Adult Foster Homes: What Are They and How Caregivers Can Help
As healthcare has developed over the past 50 years, the life expectancy of the average American has increased from 70 years in 1965 to 79 years today. With an almost 10 year increase, a new window of time has opened where seniors may need additional help without needing to receive the constant attention and regiment of a retirement home. Adult foster care homes are one little-known option that may become increasingly popular in the coming years.
What are Adult Foster Homes?
Adult foster homes, also called board and care homes, are homes that allow varying degrees of assistance for seniors and disabled persons. There are many different types of foster homes to choose from. Assistance can be medical but is usually more basic, such as help with groceries, bathing, or dressing.
In some foster homes, residents will have their own rooms and share common facilities like washing machines or bathrooms. Others have completely self-contained quarters with only a manager who lives on the site to assist if a resident requires aid. Adult foster care allows residents to maintain their social habits and travel as they please, but with the added safety of on-site assistance.
Board and care homes can also be ideal for seniors suffering from mental health problems such as Alzheimer’s or dementia. A resident may enjoy having their own living quarters and be independent enough to handle daily living tasks, and the smaller staff size and access to more constant supervision in a foster home may provide necessary support without causing additional stress.
Some foster homes are not part of a residential site at all: a foster care program will link up an elderly person desiring care with a family home that has offered to house them. The family shares their home life with the resident and takes care of them as they would an aging family member. This type of foster home can be especially attractive to seniors who do not need constant supervision and would like to feel like part of a family rather than an independent resident.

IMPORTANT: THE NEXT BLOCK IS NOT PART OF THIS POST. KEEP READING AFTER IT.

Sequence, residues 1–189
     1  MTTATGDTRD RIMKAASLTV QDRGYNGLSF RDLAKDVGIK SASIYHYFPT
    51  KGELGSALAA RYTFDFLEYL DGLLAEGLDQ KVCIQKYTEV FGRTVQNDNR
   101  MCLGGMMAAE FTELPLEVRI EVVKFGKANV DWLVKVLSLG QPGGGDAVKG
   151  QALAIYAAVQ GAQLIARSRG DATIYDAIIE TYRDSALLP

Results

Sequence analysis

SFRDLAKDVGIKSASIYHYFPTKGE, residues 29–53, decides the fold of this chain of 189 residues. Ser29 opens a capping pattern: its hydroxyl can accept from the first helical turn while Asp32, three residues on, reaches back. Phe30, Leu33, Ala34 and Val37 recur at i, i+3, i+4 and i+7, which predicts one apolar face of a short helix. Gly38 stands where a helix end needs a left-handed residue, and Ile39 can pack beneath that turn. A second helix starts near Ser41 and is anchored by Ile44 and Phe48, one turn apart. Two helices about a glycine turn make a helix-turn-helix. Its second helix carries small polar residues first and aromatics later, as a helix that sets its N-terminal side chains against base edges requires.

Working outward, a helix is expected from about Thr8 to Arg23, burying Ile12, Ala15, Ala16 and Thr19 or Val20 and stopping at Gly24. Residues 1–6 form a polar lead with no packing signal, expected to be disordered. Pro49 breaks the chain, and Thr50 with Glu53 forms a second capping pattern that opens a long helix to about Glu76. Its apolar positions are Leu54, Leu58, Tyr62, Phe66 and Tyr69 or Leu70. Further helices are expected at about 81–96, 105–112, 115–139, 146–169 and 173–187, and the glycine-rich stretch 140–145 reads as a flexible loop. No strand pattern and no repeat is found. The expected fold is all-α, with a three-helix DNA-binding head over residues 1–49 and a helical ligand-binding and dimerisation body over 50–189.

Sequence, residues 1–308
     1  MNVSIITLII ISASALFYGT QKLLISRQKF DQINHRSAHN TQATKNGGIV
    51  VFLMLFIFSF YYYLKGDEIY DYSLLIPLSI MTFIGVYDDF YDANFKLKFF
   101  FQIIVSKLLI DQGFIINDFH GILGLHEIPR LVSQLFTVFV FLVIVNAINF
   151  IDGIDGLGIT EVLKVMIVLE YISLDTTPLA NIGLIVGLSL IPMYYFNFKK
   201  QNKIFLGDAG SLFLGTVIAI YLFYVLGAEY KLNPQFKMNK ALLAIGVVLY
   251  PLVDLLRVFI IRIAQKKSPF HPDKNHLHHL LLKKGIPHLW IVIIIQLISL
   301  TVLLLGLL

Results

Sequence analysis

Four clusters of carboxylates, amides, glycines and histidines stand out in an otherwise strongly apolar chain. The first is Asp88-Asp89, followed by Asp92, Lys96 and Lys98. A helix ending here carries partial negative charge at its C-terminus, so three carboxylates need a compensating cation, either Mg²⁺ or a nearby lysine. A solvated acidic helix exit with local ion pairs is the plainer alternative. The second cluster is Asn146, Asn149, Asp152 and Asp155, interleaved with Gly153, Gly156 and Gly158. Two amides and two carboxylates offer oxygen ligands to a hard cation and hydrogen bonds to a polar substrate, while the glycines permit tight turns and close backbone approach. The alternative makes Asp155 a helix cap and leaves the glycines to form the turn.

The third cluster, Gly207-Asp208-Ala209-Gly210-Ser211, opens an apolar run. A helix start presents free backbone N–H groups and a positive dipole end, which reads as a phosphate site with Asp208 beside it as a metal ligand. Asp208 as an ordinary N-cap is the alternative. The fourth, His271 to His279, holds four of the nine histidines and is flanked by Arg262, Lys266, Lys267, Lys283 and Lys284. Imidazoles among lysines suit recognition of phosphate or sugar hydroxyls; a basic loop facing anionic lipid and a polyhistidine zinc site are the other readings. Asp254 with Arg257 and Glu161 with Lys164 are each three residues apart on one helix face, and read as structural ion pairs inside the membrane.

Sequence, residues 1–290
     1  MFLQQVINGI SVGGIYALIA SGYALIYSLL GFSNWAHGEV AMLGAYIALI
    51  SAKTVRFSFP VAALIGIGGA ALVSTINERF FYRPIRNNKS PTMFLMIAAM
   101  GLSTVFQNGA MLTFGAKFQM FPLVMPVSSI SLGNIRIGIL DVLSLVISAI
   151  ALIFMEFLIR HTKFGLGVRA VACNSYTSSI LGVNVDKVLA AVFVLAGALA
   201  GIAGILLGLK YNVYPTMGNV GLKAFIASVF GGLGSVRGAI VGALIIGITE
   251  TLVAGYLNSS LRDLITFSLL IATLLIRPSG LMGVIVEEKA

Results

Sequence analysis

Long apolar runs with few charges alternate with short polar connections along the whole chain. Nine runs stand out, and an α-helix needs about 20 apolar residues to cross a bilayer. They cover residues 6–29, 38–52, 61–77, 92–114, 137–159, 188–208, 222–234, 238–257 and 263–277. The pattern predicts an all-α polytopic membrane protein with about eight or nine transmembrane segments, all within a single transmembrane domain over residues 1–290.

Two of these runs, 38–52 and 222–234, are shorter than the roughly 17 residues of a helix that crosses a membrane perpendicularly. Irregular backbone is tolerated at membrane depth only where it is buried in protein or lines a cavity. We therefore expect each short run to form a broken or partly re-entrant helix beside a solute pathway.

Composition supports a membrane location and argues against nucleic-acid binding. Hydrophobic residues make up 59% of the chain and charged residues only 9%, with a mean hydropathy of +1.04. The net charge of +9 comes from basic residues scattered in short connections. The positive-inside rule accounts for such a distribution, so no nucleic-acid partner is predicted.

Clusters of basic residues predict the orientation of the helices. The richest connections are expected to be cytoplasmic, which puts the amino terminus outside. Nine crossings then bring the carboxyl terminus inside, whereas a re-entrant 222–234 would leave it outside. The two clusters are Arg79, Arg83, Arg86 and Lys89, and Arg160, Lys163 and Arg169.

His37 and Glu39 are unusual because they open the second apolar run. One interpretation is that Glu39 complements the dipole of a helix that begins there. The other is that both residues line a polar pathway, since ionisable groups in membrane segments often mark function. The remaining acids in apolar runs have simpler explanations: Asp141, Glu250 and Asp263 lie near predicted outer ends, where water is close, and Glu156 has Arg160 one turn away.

How Caregivers Can Help
Often, seniors have greater non-medical needs than can be met by a foster home. In cases like this, a caregiver may visit who is not part of the foster home staff. Caregivers can be brought on site for additional companionship, supervision, or assistance to residents. In the type of foster home mentioned above where a family has opened its doors to senior residents, these outside caregivers may be especially valuable for providing assistance with daily living tasks. The option of having an additional caregiver enables seniors to customize their foster home experience in a way that ensures they receive the attention they desire without sacrificing their personal privacy or independence.
Do you have any experience with adult foster care? Share your tips with us in the comments below. We’d love to hear from you.